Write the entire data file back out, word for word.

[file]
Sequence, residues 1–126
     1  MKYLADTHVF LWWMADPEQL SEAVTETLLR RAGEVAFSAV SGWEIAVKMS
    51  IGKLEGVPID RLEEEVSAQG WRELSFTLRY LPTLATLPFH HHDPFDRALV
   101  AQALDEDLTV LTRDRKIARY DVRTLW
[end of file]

Sequence, residues 1–126
     1  MKYLADTHVF LWWMADPEQL SEAVTETLLR RAGEVAFSAV SGWEIAVKMS
    51  IGKLEGVPID RLEEEVSAQG WRELSFTLRY LPTLATLPFH HHDPFDRALV
   101  AQALDEDLTV LTRDRKIARY DVRTLW